Sleigh bells ring, are you listening?
Or are you cringing? The holidays are upon us and along with the fervent shopping, singing of carols, and drinking of eggnog often come feelings of loneliness and grief. For many people the holiday season is fraught with anxiety, frustration and sadness. I see many people in my practice who dread December as others might dread a root canal. For some, it’s the financial pressure to buy the biggest and best gifts. For others the stress of traveling across the country and dealing with difficult family members is enough to put them over the edge. But the issue that cuts the deepest is probably revisiting the loss of a loved one over the holiday season.
This reawakening of grief makes sense. After all, Christmas, Hanukkah, Kwanzaa, or whatever you celebrate are traditionally times spent with family and loved ones. Precious memories are created during these special times and familial rituals are observed. These are often peoples’ warmest and happiest memories from childhood. But that can change dramatically after the death of a loved one. These same remembrances become rude reminders of what was and cannot be any more.
Clients talk about missing their loved ones more than usual this time of year. It’s partially those memories that create pain, but also the uncertainty of knowing how to celebrate in the midst of sadness. For some, this might bring up feelings of guilt, particularly guilt about living while a loved one no longer has the opportunity to enjoy the festivity of the season. This can be most cutting when the loved one was especially fond of this time of year. Others experience anger that they can’t share in old traditions with the departed. Confusion abounds as you try to navigate all these feelings, while also living in the chaos of holiday shopping and glitzy parties, making conversation with others who just seem merry and bright.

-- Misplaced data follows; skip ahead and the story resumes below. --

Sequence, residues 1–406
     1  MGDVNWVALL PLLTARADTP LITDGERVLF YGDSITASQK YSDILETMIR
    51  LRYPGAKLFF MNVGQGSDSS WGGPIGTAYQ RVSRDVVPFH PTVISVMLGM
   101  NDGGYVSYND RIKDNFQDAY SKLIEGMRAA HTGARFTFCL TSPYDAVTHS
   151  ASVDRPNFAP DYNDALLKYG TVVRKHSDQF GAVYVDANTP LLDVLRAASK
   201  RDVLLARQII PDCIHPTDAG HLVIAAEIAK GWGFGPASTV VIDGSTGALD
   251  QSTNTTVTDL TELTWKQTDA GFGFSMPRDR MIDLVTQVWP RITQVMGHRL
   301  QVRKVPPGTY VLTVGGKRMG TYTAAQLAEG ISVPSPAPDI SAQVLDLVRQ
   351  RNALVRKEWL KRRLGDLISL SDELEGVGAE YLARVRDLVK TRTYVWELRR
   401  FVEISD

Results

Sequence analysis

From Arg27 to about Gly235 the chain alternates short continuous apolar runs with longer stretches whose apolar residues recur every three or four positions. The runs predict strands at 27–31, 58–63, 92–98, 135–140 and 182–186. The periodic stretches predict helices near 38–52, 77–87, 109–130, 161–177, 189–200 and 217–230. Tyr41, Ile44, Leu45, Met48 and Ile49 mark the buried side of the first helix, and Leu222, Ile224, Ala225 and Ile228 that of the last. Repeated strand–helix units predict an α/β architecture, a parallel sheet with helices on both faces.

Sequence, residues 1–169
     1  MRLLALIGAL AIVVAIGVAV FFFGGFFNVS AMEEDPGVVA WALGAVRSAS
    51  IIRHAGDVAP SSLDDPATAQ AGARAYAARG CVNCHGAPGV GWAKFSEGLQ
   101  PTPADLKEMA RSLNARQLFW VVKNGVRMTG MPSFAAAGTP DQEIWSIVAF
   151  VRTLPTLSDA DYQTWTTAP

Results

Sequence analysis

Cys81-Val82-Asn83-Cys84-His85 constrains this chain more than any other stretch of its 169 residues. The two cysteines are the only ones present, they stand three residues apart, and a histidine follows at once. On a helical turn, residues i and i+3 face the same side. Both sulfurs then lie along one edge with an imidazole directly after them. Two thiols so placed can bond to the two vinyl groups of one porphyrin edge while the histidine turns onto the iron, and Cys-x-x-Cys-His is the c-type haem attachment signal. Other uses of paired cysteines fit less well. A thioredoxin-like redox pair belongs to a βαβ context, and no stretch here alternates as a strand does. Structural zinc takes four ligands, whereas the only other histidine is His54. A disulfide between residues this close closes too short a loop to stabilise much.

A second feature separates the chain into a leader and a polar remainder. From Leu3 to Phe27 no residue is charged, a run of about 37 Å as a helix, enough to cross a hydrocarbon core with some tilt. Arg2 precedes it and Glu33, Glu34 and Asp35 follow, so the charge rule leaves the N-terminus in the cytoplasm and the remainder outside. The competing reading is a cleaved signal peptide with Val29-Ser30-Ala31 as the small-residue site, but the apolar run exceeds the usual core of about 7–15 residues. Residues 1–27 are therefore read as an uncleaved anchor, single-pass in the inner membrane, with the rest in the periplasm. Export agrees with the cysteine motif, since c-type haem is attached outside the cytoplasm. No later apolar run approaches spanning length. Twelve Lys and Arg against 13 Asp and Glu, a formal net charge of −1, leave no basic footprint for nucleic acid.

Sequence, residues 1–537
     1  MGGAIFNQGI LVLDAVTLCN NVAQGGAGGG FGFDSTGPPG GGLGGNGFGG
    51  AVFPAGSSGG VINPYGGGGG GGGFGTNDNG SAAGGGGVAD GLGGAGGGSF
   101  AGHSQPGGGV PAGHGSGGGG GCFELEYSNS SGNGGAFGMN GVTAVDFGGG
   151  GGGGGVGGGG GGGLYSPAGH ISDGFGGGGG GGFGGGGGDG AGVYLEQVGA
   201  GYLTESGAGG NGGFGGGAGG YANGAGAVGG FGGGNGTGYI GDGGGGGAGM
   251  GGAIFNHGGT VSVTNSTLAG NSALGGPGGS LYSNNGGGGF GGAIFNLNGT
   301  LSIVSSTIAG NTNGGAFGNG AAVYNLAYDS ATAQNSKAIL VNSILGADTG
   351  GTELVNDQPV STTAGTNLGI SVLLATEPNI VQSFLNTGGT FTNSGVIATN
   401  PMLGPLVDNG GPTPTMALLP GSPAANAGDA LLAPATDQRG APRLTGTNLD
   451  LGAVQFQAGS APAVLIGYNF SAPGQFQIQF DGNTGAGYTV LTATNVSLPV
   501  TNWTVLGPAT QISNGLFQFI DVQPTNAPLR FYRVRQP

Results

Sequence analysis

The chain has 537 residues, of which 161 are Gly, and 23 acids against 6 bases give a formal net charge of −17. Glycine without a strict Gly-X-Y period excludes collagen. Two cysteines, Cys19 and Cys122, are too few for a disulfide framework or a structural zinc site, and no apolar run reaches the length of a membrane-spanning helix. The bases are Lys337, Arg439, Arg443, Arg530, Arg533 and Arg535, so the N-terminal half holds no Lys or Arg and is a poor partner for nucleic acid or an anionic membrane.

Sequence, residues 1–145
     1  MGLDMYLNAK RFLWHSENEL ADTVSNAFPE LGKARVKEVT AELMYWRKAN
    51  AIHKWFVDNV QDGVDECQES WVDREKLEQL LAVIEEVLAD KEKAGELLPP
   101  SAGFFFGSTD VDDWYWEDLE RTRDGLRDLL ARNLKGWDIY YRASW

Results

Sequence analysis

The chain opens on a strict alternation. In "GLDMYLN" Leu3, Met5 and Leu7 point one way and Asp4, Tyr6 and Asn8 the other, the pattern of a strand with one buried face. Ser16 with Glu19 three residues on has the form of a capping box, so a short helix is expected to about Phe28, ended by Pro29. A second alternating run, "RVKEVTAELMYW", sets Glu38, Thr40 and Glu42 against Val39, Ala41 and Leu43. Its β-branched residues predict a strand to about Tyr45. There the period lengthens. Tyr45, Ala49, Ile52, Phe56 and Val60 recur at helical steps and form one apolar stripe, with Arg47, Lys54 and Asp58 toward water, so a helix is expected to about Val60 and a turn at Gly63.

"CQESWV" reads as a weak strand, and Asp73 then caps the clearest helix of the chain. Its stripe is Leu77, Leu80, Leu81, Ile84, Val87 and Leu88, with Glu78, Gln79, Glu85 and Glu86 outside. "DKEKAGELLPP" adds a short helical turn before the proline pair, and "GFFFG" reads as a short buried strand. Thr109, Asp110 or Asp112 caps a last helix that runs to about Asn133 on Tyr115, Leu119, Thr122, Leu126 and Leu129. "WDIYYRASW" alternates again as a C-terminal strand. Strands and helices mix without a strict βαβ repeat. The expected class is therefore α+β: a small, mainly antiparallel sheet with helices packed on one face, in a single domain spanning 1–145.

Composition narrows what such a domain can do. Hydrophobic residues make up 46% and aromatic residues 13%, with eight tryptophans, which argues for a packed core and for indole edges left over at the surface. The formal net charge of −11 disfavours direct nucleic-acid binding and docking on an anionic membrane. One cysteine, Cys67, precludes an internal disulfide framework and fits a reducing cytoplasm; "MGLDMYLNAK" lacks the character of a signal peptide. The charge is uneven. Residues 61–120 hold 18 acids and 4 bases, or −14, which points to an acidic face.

Whatever complicated feelings you might be experiencing this holiday season, try not to deny those emotional states. Make room for your sadness, anger, disappointment, or fear, and don’t judge yourself for having those feelings. Try talking with a close friend or therapist about what’s going on, or write about it in a journal. If you don’t make room for these complex emotions it’s possible that they will overwhelm you at a less than convenient time. Perhaps you’ve seen such a scene at an office holiday party? You don’t want to be that guy!
While you’re doing well to make space for your feelings, also realize that you don’t need to exacerbate your emotional state. There is sometimes a fine line between allowing and wallowing. It won’t serve you to to repeatedly revisit the same painful memories, perhaps complete with sad playlist and bottle of wine. Allow for the feelings to come up, acknowledge them, but then move on.
After you’ve processed memories and feelings, make it a point to do something to honor your loved one. This might mean making a donation to one of their favorite causes, doing some meaningful volunteer work, or participating in an activity they especially loved. Whatever you choose to do, do it with the intention of remembering your loved one and think of it as your “gift” to them.